The Organisation for Economic Co-operation and Development (OECD) on Tuesday presented a dismal picture of the ailing Spanish economy for this year and the next, with the jobless rate approaching 27 percent as an unprecedented six million people search for work.
In its latest Economic Outlook report, the Paris-based organization predicted the contraction in economic output next year would come in at 1.4 percent, almost triple the government’s forecast, with growth reappearing the following year, albeit at the anemic pace of 0.5 percent. The only encouraging point it sees is an ongoing expansion in exports, which are set to rise 2.5 percent next year and 1.4 percent in 2014.
The OECD believes the ongoing recession will prevent the government from meeting its public deficit targets of 6.3 percent of GDP this year, 4.5 percent in 2013 and 2.8 percent in 2014. Instead it sees a shortfall of 8.1 percent this year, 6.3 percent in 2013 and 5.9 percent in 2014. As a result, outstanding public debt is due to hit 97.6 percent of GDP in 2014.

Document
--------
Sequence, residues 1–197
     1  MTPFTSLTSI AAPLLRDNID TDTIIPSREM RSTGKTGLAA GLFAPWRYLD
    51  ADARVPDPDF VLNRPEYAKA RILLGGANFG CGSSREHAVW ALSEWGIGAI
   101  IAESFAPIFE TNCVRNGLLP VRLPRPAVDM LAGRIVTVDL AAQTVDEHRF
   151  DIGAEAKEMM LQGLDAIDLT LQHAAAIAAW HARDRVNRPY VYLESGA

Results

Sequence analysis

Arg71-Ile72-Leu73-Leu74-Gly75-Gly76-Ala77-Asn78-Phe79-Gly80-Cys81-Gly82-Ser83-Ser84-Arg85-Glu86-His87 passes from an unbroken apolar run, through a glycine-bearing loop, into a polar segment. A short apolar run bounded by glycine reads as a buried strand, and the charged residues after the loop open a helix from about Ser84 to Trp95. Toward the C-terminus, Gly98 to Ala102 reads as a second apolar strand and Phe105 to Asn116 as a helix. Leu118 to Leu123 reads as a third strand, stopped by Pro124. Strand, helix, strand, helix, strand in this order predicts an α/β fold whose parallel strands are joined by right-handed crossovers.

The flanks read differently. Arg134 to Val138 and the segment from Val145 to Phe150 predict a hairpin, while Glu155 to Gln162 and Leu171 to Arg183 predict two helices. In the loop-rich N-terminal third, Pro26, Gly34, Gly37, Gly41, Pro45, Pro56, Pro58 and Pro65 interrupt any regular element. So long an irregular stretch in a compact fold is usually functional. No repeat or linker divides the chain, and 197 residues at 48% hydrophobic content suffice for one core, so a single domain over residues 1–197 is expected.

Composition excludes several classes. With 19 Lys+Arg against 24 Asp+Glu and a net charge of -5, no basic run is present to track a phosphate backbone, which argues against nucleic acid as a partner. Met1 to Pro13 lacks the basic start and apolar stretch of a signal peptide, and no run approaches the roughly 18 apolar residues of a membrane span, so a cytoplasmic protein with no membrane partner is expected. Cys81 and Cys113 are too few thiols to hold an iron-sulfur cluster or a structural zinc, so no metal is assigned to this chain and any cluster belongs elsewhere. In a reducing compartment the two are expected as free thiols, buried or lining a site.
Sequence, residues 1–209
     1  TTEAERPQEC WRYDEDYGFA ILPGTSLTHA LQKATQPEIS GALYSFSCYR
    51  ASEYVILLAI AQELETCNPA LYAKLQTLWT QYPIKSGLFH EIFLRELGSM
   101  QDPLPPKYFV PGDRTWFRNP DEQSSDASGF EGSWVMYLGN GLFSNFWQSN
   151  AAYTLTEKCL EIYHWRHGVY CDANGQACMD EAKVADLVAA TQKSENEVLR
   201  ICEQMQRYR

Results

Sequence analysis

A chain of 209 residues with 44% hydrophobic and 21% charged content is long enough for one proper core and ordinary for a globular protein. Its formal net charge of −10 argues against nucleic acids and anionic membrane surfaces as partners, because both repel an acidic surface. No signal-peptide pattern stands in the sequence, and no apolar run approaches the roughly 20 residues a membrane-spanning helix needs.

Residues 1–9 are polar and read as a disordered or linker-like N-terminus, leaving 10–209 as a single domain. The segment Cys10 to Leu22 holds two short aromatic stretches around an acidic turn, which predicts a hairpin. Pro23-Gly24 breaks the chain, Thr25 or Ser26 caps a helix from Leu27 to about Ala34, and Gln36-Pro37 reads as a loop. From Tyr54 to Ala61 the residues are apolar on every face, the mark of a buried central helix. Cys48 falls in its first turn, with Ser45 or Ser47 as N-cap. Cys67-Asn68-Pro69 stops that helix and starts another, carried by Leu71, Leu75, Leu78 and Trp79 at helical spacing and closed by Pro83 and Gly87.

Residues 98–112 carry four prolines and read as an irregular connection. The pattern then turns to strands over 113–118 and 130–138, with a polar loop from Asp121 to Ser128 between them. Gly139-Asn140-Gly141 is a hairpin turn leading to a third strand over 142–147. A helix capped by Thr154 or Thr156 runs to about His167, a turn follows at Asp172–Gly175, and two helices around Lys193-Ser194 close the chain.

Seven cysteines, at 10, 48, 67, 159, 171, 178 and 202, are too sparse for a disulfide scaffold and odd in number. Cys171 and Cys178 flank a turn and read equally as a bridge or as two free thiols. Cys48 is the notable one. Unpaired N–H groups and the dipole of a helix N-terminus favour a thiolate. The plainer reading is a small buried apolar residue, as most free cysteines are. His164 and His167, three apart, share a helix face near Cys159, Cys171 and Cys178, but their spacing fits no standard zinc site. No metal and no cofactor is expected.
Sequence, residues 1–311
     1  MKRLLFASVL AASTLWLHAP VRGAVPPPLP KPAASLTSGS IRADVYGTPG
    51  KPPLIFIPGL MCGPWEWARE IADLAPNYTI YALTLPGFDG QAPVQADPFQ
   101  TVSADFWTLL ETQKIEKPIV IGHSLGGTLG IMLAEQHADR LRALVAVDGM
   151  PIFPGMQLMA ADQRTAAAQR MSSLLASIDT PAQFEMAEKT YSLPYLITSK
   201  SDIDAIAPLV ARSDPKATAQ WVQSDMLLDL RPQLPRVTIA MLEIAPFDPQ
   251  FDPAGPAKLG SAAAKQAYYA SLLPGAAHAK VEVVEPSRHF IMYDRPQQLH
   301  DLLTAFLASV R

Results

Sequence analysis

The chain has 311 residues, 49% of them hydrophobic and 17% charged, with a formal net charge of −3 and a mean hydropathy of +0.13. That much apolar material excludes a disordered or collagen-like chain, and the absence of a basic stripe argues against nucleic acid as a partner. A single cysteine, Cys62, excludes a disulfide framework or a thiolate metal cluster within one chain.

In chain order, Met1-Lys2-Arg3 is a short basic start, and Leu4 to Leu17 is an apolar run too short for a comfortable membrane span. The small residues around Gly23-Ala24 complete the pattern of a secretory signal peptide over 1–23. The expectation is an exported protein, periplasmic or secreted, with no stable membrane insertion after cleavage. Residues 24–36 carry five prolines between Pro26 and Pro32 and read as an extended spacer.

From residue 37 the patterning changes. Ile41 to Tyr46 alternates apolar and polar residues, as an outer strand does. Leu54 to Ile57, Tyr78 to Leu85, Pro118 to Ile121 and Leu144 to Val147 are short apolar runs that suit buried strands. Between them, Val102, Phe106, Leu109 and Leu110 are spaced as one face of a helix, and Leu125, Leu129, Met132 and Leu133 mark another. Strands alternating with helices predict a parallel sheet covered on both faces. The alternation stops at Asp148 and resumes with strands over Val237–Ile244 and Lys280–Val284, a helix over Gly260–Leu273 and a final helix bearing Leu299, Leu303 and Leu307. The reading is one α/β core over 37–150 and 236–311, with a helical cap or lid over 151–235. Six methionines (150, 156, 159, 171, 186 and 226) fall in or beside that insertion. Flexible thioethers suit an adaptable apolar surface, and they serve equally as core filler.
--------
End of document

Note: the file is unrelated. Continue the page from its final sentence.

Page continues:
The OECD recommended the government take a moderate approach to getting its fiscal house in order. “Fiscal consolidation is expected to have stronger than usual effects on growth in this credit-constrained environment, which militates against taking further measures to hit headline targets especially if growth turns out much weaker than expected in government plans,” the OECD said.
It said if that is the case then the administration of Prime Minister Mariano Rajoy “should stand ready to let the automatic stabilizers operate were economic conditions to materially diverge from those expected in the government budget.”
The most worrying aspect of the organization’s report is its take on the labor market. The multilateral agency expects the jobless rate to rise for 25.0 percent this year to 26.9 percent in 2013, easing only slightly to 26.8 percent the following year.